- Sheila C. Blackburn, ‘“Princesses and Sweated Wage-Slaves Go Well Together”: Images of British Sweated Workers, 1843–1914’, International Labor and Working-Class History, 61 (2002), 24–44; Sheila C. Blackburn, ‘Working-Class Attitudes to Social Reform: Black Country Chain Makers and Anti-Sweating Legislation’, International Review of Social History, 33 (1998), 42–69. Back to context...
- John Davis, ‘Webb, (Martha) Beatrice (1858–1943)’, in Oxford Dictionary of National Biography, 2nd edn (2004) <http://dx.doi.org/10.1093/ref:odnb/36799> [accessed 14 December 2011]. Back to context...
- Beatrice Potter, ‘The Jewish Community’, in Life and Labour of the People in London, ed. by Charles Booth, 2 vols (London: Williams and Norgate, 1889), I, 564–90 (p. 585). Back to context...
- See Bernard Gainer, The Alien Invasion: The Origins of the Aliens Act of 1905 (London: Heinemann, 1972), p. 88; David Englander, ‘Booth’s Jews: The Presentation of Jews and Judaism in Life and Labour of the People in London’, Victorian Studies, 32.4 (1989), 218–42. Back to context...
- Potter, ‘The Jewish Community’, pp. 577–80, 586–88. Back to context...
- Potter, ‘The Jewish Community’, pp. 579, 588–90. Back to context...
- Beatrice Potter, ‘The Tailoring Trade’, in Booth, Life and Labour, I, 209–40 (p. 233). Not only is the Jews’ difference seen in both positive and negative terms, at the same time it is understood to be both ‘a concentrated essence’ and evanescent in the face of English liberality: ‘The Polish or Russian Jew represents to some extent the concentrated essence of Jewish virtue and Jewish vice; for he has, in his individual experience, epitomised the history of his race in the Christian world. But he can in no sense be considered a fair sample of the Jews who have experienced the freedom, the culture and the public spirit of English life.’ (Potter, ‘The Jewish Community’, p. 580.) Here we do find that variant of liberal culture that Cheyette singles out. For the capacity of English life, characterized here by individual liberty and disinterestedness, to assimilate Jews whose ‘concentrated essence’ is characterized by neither, is a moment for self-congratulation. Back to context...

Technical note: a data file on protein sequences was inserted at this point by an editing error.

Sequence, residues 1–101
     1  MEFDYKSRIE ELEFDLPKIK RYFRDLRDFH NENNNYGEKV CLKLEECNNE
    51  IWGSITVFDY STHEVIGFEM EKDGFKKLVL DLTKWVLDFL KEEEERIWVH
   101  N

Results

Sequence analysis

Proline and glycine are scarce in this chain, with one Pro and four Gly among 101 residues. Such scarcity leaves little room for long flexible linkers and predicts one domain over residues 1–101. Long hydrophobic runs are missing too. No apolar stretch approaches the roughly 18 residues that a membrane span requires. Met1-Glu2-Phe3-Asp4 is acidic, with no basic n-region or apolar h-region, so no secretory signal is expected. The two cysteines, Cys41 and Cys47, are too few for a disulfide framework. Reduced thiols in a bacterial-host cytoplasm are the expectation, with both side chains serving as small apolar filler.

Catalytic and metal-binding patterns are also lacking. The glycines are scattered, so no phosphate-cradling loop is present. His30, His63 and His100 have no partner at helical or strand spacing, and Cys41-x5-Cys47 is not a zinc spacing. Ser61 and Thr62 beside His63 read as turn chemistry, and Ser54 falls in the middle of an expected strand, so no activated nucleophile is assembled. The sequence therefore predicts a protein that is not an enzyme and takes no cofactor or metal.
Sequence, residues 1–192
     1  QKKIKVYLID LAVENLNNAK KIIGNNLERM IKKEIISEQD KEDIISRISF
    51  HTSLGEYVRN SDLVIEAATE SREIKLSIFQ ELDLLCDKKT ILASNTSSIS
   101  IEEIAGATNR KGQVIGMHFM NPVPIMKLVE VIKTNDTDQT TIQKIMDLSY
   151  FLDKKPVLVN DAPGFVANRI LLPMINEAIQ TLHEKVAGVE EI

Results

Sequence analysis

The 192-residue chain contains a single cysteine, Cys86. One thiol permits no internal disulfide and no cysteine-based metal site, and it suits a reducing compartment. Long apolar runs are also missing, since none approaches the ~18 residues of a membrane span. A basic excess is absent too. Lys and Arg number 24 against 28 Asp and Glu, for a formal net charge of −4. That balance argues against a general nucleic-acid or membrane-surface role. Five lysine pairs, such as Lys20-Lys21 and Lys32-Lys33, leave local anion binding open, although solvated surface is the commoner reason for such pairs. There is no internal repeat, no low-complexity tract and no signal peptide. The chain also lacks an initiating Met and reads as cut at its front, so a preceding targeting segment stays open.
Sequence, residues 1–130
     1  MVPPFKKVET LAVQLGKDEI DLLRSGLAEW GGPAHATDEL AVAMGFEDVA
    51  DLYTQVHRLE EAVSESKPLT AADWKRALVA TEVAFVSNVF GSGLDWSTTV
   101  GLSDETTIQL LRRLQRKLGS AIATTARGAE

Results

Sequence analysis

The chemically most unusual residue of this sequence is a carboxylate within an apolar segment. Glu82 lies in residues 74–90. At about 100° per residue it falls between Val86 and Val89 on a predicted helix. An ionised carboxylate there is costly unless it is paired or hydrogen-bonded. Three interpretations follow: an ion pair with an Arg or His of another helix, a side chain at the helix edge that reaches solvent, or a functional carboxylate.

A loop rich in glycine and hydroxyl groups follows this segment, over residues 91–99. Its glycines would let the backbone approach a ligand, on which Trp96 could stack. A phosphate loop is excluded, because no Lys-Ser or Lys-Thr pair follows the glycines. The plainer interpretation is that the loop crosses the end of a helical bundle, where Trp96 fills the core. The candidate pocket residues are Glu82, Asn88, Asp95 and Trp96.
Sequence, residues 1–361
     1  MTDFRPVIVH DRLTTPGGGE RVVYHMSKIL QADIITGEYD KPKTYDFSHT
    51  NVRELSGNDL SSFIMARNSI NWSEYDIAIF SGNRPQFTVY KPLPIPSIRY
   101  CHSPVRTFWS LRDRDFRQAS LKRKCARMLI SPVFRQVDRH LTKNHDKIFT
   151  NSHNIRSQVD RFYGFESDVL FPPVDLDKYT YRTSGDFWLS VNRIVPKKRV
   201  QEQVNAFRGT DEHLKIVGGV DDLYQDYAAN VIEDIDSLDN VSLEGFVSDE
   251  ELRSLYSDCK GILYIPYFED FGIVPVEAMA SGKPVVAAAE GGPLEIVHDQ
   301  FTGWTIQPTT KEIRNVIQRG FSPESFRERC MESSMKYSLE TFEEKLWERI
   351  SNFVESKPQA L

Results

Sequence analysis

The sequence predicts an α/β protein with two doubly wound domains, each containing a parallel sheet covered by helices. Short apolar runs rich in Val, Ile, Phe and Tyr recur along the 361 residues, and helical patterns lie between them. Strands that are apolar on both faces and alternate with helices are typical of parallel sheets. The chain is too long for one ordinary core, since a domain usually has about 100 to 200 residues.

- John A. Hobson, Problems of Poverty (London: Methuen, 1891), p. 59. Back to context...
- Report on the Volume and Effects of Recent Immigration from Eastern Europe (London: House of Commons, 1894), p. 42. Back to context...
- Report to the Board of Trade on the Sweating System in the East End of London (London: House of Commons, 1887). Back to context...
- Beatrice Potter, ‘The Lords and the Sweating System’, Nineteenth Century, 160 (1890), 885–905 (p. 889) (emphasis in original); see too Potter, ‘The Tailoring Trade’, p. 232. Back to context...
- Potter, ‘The Lords’, pp. 889, 903. Back to context...
- Potter, ‘The Lords’, p. 893; Potter, ‘East London Labour’, Nineteenth Century, 138 (1888), 161–83 (pp. 178–80, 182–83). Back to context...
- Potter, ‘The Tailoring Trade’, pp. 213, 238; Hobson, Problems of Poverty, p. 59. Back to context...
- Potter, ‘The Tailoring Trade’, p. 233. Back to context...
- Hobson, Problems of Poverty, p. 63. Back to context...
- Richard H. Tawney, Minimum Wage Rates in the Tailoring Industry under the Trade Boards Act of 1909 (London: Bell, 1915), pp. 15–16. Back to context...
- Barbara Drake, ‘The West End Tailoring Trade’, in The Seasonal Trades, ed. by Arnold J. Freeman and Sidney Webb (London: London School of Economics, 1912), p. 77. Back to context...